Fantastic shores

in bed at night his mind had a ferocious imagination
reality and unreality haunted his turbulent brain
the years ticked, an infinite clock of destiny

searching moonlight for the promise of a future
his reveries of heart were coasting on a fairy’s wing
as the world and universe drifted by fantastic shores

but the sea, work, and women — physical outlets —
were his anchor — something old, hard, and soft

—Terri Guillemets

scrambled blackout poetry created from F. Scott Fitzgerald, The Great Gatsby, 1925, Scribner 2004 trade paperback, pages 98–99

Book party!

Let’s get drunk at the library
      and have a book party!

“What a good time!” she said
      in an excited whisper.

—Terri Guillemets

scrambled blackout poetry created from F. Scott Fitzgerald, The Great Gatsby, 1925, Scribner trade paperback, 2004, pages 43–45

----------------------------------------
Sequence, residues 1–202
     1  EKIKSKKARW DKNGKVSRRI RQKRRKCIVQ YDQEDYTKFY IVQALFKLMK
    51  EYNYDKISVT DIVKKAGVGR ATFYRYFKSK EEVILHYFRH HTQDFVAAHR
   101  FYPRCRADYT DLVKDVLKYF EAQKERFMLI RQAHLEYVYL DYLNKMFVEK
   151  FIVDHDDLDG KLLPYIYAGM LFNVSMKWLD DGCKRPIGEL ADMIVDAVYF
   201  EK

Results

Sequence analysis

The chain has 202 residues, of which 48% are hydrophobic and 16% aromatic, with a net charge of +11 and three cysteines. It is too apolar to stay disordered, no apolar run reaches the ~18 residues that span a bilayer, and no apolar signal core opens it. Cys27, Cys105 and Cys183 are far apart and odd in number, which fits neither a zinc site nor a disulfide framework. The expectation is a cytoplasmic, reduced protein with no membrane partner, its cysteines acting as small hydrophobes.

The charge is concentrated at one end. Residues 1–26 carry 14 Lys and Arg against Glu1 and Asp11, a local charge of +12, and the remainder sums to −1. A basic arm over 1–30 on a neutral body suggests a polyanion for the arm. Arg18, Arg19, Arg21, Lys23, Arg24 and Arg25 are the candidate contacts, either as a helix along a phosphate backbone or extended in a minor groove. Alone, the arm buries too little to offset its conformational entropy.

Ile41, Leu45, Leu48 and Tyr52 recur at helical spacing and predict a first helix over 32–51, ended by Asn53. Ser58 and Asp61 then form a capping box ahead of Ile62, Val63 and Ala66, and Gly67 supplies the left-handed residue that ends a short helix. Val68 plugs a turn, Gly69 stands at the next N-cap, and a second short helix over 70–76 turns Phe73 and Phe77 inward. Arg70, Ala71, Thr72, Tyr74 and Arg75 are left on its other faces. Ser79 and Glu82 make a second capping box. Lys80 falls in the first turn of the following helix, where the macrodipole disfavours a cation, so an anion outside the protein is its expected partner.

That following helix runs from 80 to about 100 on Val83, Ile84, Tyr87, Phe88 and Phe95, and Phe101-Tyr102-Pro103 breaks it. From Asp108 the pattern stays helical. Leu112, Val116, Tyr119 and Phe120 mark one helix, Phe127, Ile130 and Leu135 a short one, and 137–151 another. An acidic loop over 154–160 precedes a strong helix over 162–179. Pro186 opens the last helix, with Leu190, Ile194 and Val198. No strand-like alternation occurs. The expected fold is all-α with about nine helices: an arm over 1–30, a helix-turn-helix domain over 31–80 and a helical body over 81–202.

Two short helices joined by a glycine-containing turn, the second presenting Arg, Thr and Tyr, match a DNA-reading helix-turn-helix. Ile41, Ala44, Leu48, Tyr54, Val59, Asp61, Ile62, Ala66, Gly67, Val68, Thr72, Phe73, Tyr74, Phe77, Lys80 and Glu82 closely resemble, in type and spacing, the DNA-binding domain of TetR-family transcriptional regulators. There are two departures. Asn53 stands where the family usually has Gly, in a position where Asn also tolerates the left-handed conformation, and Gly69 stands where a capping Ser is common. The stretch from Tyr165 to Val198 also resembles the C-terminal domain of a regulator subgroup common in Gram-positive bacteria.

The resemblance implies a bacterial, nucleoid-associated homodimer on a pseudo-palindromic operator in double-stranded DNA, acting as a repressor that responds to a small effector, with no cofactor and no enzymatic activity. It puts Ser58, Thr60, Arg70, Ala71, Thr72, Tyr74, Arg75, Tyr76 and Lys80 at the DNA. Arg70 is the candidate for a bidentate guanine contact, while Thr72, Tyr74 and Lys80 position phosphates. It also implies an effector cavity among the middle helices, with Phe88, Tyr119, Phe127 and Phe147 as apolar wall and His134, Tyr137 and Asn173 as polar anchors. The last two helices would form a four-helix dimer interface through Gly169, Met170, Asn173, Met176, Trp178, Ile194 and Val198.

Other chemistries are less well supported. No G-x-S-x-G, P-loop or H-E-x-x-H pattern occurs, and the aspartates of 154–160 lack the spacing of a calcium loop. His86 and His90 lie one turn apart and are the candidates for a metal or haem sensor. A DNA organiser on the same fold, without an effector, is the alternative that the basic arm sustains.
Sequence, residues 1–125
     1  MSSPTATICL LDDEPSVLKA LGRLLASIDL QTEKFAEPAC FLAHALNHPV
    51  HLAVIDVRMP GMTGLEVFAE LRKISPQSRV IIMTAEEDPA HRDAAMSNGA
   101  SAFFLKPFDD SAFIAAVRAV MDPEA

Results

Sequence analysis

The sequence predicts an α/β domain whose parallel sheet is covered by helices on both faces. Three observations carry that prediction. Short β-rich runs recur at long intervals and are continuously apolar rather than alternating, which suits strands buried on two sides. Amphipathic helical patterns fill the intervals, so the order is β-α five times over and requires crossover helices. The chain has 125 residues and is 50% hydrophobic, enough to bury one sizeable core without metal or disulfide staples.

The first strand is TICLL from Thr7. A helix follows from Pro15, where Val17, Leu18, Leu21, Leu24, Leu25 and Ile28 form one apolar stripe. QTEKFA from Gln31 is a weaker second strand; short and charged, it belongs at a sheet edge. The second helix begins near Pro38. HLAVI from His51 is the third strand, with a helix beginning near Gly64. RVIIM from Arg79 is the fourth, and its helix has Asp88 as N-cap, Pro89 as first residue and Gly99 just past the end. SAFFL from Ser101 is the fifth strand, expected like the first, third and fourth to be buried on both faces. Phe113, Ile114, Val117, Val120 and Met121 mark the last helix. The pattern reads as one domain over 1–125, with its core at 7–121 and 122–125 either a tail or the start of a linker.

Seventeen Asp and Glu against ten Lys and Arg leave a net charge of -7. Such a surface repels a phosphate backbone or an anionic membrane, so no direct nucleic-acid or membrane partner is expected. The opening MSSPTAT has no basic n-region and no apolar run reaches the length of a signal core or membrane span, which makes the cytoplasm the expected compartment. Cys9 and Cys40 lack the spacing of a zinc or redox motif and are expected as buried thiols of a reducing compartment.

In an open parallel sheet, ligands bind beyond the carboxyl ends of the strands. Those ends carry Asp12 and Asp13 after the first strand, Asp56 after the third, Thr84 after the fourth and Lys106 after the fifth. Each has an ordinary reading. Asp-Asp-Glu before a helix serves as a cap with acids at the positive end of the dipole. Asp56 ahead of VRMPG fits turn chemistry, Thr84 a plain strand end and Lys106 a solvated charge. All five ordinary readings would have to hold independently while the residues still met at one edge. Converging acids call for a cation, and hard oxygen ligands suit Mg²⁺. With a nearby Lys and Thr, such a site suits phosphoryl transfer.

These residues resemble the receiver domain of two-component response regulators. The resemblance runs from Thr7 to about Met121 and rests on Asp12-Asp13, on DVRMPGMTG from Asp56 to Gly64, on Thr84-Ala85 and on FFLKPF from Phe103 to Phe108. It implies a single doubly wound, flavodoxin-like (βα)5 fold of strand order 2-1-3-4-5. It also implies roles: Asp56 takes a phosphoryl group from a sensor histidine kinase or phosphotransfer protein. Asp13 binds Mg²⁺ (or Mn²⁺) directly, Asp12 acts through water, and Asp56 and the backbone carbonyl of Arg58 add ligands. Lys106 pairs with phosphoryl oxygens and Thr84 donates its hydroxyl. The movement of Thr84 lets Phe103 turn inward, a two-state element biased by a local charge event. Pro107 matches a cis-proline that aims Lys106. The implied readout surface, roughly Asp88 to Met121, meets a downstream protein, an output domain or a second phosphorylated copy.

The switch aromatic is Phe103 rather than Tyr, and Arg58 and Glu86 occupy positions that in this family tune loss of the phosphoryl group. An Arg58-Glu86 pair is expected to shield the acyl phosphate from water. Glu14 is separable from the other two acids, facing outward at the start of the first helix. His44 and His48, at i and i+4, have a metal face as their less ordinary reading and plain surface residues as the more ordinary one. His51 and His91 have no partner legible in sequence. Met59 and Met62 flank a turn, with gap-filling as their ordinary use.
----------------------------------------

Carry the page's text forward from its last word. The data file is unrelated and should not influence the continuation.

Midlife midriff

Eating a lot of garbage and dessert-obsessive
for several months, I put on a few pounds
      — and more.

Waddling is hell, and fat is a problem for the heart
      — I’m hungry & in pain.

Waist weight is a cruel joke, and age is no help.

—Terri Guillemets

scrambled blackout poetry created from David Sedaris, Me Talk Pretty One Day, 2000, pages 136–139

O! Nature

Nature —
exquisite beauty and elegance
antique yet fresh

—Terri Guillemets

blackout poetry created from “Pericles,” Plutarch’s Lives, The Harvard Classics, 1937, page 49, from Dryden’s 1859 Clough translation

Ode to middle age

How like a lovely autumn morning,
      serene middle age —
a sanctuary of mind, a chapel;
the age of faith on a deep foundation,
      and the age of reason;
silver fellowships, libraries and deep reflection,
wine, liberty, a milder manifestation of the soul;
brilliance upon our lips, more profound, subtle;
the rich flame of the good life, how sweet —
      listening to the murmur of change.

—Terri Guillemets

blackout poetry created from Virginia Woolf, A Room of One’s Own, 1929, Grafton paperback, 1977, pages 11–16